In my research, I discovered that it’s not entirely uncommon or unheard of to find that a Sharp-shinned Hawk has taken down one of the birds at your feeder, and that in some cases they can stalk a feeder for days or weeks if it tends to be a reliable food source for them. Both times it appeared that it took down one of the House Sparrows, and each time it took nearly a week before my feeders were back to the numbers I’m used to seeing, so the birds probably have a decent memory for this sort of thing.
I often wonder how many other times birds have been taken at my feeders. Not only by these hawks, but by others, maybe Cooper’s Hawks, or even one of the neighborhood cats that I see wandering every once in a while.
The photos below are of one of these events. This Sharp-shinned Hawk took down a House Sparrow in one of the bushes next door, flew across the street with it, and then, as the Black-billed Magpies harassed it, it flew into the walkway between my house and my neighbor’s, allowing me to get close enough to watch it feeding. A warning though: some of these photos are fairly graphic, so if you’re averse to seeing “nature red in tooth and claw”, you may not want to look. Otherwise… enjoy?
After the initial kill, the Sharp-shinned Hawk flew across the street, where I was able to take these pictures from behind a parked car. The magpies harassed it until it flew back across the street, and into the walkway.
A car pulled up on the street out front, once again disturbing the hawk from its meal. It hopped up on the fence to finish it off, but it wasn’t too long before the Black-billed Magpies found it and started harassing again.
No matter. The Sharp-shinned Hawk finished its meal despite the annoyance, and flew off to the east. I wonder if I’ll see him again some time soon?
Posted by Dan Arndt
I flew in to Calgary from Houston last Friday night and was greeted by snow on the ground! Something that I haven’t seen since April. Never thought that I would be so excited to see snow. My first day back, Saturday, I took a walk around my neighborhood and was fortunate enough to see most of the locals; no not the neighbors, the birds.
First thing in the morning, I woke to see several Black-billed Magpies jumping and hollering about in the willow. Several Common Ravens flew overhead and 2 pairs of Chickadees visited the feeders. I was very happy to see the Black-capped Chickadees, nothing can compare with this species’ friendliness!
I have been following the reports from Albertabird still and I have seen all the reports of winter finches; I knew what a good year it was for these birds. I just didn’t know how good! In my hour or so walk, I saw more Crossbills then I did all last winter. I must have seen more than 100 crossbills!
Most of the crossbills were White-winged however there were a few Red Crossbills in the mix ( see photo above). I also observed many Pine Siskins that were flocking with the crossbills and feeding on the abundant cones.
My neighborhood, for some reason, never seems to be popular with Common Redpolls, however this year, within my first 24 hours of being back in Calgary, I had already seen 2 in my community. Also, we hosted a Pine Grosbeak, which is unusual for us. At one point, I was privileged to see several crossbills, a redpoll and many siskins on the ground just feet in front of me, licking up some sort of salt or rock from the ground.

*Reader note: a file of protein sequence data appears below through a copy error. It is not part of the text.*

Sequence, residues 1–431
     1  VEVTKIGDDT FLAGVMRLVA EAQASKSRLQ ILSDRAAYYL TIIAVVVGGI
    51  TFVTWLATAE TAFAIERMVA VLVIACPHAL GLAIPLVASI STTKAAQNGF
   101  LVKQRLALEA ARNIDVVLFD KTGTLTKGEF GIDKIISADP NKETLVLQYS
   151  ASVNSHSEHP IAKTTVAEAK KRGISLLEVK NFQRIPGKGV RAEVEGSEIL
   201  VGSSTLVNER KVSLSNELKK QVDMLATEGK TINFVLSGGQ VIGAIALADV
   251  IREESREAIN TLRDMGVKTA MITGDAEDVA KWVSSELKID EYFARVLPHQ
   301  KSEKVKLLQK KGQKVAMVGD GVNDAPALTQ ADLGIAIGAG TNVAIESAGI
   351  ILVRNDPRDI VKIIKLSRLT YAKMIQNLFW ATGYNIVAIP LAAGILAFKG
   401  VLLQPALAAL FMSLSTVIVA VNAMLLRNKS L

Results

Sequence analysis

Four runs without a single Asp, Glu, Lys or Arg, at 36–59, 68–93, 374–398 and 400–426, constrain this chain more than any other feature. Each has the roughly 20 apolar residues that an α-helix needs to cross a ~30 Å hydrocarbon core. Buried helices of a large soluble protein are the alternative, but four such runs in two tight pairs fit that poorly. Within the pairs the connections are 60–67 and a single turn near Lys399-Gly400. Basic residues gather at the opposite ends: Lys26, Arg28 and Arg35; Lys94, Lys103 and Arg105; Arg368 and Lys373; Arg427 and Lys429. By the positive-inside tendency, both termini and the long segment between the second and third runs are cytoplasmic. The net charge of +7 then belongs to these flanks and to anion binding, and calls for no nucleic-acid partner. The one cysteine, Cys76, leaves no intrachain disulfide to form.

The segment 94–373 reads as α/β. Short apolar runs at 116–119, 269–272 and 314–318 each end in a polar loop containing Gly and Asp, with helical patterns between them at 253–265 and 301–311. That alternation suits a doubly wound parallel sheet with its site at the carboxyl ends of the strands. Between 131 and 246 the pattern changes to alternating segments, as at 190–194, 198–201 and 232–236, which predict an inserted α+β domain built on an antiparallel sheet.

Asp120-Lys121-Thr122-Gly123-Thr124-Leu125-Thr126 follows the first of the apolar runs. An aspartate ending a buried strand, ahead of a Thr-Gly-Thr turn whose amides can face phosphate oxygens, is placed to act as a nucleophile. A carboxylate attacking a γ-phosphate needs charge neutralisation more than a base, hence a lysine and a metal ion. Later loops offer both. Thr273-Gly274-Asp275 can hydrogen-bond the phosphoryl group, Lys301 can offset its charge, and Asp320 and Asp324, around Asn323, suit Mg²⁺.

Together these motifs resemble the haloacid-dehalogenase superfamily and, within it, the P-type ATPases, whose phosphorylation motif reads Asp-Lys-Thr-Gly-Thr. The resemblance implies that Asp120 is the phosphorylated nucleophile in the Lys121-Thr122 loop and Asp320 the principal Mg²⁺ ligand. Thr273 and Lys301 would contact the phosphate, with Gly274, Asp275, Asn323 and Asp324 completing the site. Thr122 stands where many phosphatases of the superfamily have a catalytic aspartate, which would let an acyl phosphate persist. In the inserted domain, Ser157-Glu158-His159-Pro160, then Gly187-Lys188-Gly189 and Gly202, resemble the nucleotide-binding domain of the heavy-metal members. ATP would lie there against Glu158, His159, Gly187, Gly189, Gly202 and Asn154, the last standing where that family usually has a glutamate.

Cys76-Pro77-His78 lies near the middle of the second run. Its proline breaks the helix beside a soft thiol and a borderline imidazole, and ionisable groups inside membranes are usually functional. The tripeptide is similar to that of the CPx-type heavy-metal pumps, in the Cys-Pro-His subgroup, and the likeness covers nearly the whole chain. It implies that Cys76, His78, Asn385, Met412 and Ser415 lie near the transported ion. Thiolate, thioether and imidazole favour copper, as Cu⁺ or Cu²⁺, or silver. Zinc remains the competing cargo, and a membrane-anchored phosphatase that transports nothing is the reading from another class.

Then, later on in the day, I discovered why my feeders were so empty. Three Sharp-shinned Hawks were all together in a tree. When 3 raptors start calling your neighborhood home, there are definitely going to be some songbird declines.
All in all, it’s good to be back!
Posted by Matthew Sim
Thank you all for your comments on my yard hawk!
The juvenile Cooper’s/Sharp-shinned conundrum is one of the greatest challenges in bird watching. The species are so similar that often a positive ID cannot be made when you see the bird for just a few minutes. In the winter months, you can add juvenile Northern Goshawk to the possibilities as well. With the additional help of photographs that can be pored over, feather by feather, it then becomes a matter of working your way through the bird guides.
I write for three different bird blogs, and when I was lucky enough to capture this beautiful hawk in pictures, I posted to all three, leaving the identification up to the readers. Guesses included Merlin, Swainson’s, Osprey, Cooper’s Hawk, Sharp-shinned and Northern Goshawk.
Consensus is…a Sharp-shinned hawk. Here are the reasons given.
- Young sharpies have yellow eyes, while young Coopers have light yellow to almost pearly white eyes. Your bird has distinctly yellow eyes.
- based on size, as compared to the shepherds hook and feeder, the bird seems Sharpie-sized
- coarse brown streaks on the breast and belly
- thinner legs than on a Cooper’s and narrow white tip on the tail feathers
- smaller head and neck than a Cooper’s
- pale eyebrow, narrow white tip on tail
- Coopers have thicker white band on tail tip
- Immature Cooper’s have whiter, more finely streaked breast
- Sharpie’s have brown upper parts with white spots along scapulars
- Cooper’s tend to have warmer brown napes, where yours has a darker nape
- Sharp-shinned Hawk, based on the straight tail bars
- wing-tips in relation to the length of the tail – Sharp-shinned Hawks wing-tips end just posterior to the hips.
- undertail coverts on Goshawk have dark streaks
Now that I’ve gone through all this, I have absolutely no confidence that next time I see one of these birds, I’ll be able to identify it! They are just too tricky, but do provide a wonderful challenge for birdwatchers to tackle. However, I did find a fantastic website to help with the Cooper’s Hawk vs Sharp-shinned identification puzzle, so next time I’ll know where to look.
Posted by Pat Bumstead